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en advantage of by the enemy, who, during the absence of Geary's division of the Twelfth corps, advanced and occupied part of the line. On the morning of the third July, General Geary having returned during the night, attacked at early dawn the enemy and succeeded in driving him back and reoccupying his former position. A spiroag and Bush. The benefits afforded by these supplies to the wounded, to whom they were distributed under fire, during the battles of Gettysburgh, July second and third, by Mr. Hoag, cannot be expressed in words, and the receipted requisitions of the surgeons who employed these stores on that occasion, are sufficient evidence of ttminster, leaving Washington in the night, in charge of Mr. S. Bacon. Mr. Hovey followed the next morning in passenger train, and reached Westminster about noon July third. Owing to a delay at Baltimore of the government freight train, the car was thirty hours en route. On Sunday, the fifth July, another car, (No. 1499,) load
worked diligently and cheerfully. The work progressed rapidly and satisfactorily until the third of July, when all was about ready for a final assault. There was a great scarcity of engineer offh considerable skill in the absence of regular engineer officers. On the afternoon of the third of July a letter was received from Lieutenant-General Pemberton, commanding the confederate forces a Forces in Vicksburgh: General: I have the honor to acknowledge your communication of the third of July. The amendments proposed by you cannot be acceded to in fu<*>. It will be necessary to furns again opened with great fury, and kept up the annoyance until next morning. Friday morning, July 3.--This day opened with promise of intolerable heat. Early in the morning there was a little firery much disheartened. All seem to be of the opinion that we will be compelled to surrender. July 3.--This evening about three o'clock, our, authorities sent out a flag of truce, to make arrangeme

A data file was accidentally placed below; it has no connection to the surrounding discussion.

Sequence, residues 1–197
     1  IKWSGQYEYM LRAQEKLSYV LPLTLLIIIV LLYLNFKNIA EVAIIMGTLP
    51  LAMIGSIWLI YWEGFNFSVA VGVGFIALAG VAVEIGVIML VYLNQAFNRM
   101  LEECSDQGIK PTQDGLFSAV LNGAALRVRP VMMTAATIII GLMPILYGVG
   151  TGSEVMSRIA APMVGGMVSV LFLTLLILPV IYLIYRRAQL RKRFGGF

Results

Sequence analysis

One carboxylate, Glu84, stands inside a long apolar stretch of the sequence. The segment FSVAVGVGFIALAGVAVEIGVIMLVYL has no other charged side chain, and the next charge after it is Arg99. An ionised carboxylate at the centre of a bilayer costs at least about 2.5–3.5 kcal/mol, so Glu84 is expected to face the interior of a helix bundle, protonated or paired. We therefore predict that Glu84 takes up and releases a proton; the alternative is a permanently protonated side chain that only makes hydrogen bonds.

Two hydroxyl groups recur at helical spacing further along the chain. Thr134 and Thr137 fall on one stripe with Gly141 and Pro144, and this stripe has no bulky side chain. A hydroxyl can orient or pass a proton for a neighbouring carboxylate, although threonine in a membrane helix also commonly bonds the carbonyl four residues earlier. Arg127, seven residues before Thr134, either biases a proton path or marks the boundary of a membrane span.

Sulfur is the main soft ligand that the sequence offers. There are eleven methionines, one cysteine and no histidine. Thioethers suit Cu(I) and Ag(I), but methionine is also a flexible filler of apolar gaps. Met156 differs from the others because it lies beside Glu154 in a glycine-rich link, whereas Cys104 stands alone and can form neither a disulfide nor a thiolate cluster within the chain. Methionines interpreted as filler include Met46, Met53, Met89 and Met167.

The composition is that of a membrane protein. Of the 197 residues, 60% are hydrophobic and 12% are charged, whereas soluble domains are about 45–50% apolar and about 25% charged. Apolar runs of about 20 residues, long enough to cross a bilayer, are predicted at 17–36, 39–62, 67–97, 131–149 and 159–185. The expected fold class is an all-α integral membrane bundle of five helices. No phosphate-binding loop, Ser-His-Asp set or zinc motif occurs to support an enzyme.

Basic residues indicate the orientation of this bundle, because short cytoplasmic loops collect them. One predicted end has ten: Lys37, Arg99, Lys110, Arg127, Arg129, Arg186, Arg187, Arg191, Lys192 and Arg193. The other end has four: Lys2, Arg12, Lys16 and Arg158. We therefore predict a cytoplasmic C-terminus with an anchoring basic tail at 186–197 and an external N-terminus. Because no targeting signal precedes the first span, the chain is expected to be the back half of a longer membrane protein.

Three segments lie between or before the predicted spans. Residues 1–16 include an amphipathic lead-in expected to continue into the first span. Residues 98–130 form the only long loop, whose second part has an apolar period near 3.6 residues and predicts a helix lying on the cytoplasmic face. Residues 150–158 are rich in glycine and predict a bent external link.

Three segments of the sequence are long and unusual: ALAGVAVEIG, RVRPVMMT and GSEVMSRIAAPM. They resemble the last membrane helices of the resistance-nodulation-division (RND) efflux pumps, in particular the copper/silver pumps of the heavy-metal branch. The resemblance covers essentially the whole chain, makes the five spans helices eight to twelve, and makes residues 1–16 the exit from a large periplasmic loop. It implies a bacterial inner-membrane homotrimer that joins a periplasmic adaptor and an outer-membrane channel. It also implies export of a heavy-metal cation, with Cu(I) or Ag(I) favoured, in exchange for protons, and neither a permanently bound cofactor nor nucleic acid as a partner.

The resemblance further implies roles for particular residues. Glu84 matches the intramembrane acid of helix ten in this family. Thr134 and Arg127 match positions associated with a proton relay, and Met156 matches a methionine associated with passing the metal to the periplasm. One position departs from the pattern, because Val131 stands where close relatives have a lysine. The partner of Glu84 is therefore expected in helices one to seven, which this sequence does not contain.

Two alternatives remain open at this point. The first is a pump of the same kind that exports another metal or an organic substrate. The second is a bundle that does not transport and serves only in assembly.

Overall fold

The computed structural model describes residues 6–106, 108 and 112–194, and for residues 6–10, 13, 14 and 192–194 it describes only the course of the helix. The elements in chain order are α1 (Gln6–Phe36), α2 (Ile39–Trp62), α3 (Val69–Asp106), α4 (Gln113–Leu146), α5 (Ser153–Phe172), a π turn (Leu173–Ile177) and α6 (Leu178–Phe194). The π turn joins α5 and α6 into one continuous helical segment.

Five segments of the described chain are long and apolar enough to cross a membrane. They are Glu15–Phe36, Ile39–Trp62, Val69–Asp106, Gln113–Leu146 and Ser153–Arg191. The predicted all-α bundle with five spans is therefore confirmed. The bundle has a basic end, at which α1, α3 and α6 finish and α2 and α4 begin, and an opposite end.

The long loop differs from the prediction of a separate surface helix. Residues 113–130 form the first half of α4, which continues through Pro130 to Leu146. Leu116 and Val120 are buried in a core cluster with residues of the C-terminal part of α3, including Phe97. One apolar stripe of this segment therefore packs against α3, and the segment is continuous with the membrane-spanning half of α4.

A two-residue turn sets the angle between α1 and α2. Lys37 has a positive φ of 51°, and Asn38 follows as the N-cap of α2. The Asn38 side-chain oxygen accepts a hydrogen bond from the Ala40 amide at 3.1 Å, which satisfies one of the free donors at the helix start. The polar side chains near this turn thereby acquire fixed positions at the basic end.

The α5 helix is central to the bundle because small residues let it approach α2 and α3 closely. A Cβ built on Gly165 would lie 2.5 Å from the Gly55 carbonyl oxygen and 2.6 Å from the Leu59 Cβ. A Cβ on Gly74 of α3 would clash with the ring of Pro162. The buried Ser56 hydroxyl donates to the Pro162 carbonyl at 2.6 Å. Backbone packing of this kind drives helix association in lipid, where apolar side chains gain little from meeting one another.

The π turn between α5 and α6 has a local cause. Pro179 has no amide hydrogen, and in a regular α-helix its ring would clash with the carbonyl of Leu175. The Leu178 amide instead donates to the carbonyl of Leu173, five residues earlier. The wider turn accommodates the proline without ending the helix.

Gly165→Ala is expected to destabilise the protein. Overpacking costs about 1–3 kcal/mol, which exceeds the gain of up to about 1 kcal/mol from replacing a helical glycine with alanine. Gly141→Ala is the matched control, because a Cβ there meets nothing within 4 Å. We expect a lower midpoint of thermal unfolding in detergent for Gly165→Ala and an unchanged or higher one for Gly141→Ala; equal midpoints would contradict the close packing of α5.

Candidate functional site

was trying to kill General Custer, whose horse had been shot in the melee. Having repulsed the enemy, General Kilpatrick received orders to join the main command at Two Taverns, which place was reached at about four o'clock, Friday morning, July third. Three hours afterward the whole command was again in motion, and, by eleven o'clock, made a dash upon the right flank of the enemy, with a view of destroying his train, if possible, and, at all events, creating a diversion. Owing to a misundell, mortally wounded, while gallantly leading his men. This brigade was relieved by the one commanded by Colonel Devins. the right at Gettysburgh. But little has been said of the part taken by the cavalry on the right at Gettysburgh, Friday, July third. General Gregg's division, assisted by General Custer's brigade, of General Kilpatrick's division, rendered an important service here. The enemy seemed determined to capture our batteries and turn the flank. The movement was only prevente
Doc. 47.-Morgan's invasion of Ohio. Account by an eye-witness. on the twenty-seventh of June, 1863, the Second and Seventh Ohio cavalry and the Forth-fifth Ohio mounted infantry, together with Laws's howitzer battery, left Somerset, Ky., for Jamestown, for the purpose of watching Morgan, who, with his whole brigade, was encamped on the other side of the Cumberland River. We lay there from the twenty-ninth June to the third July, more or less skirmishing going on all the while — when on that day Captain Carter of the First Kentucky cavalry, with detachments of the Second Ohio cavalry and Forty-fifth Ohio mounted infantry, went on a reconnoissance toward Columbia. There they had a fight with the advance of Morgan's division, which we then found had crossed the river on the second of July. About five o'clock on the afternoon of the third, Captain Carter was very seriously wounded, and the enemy pressed us so closely, that we were compelled to fall back. At six o'clock a d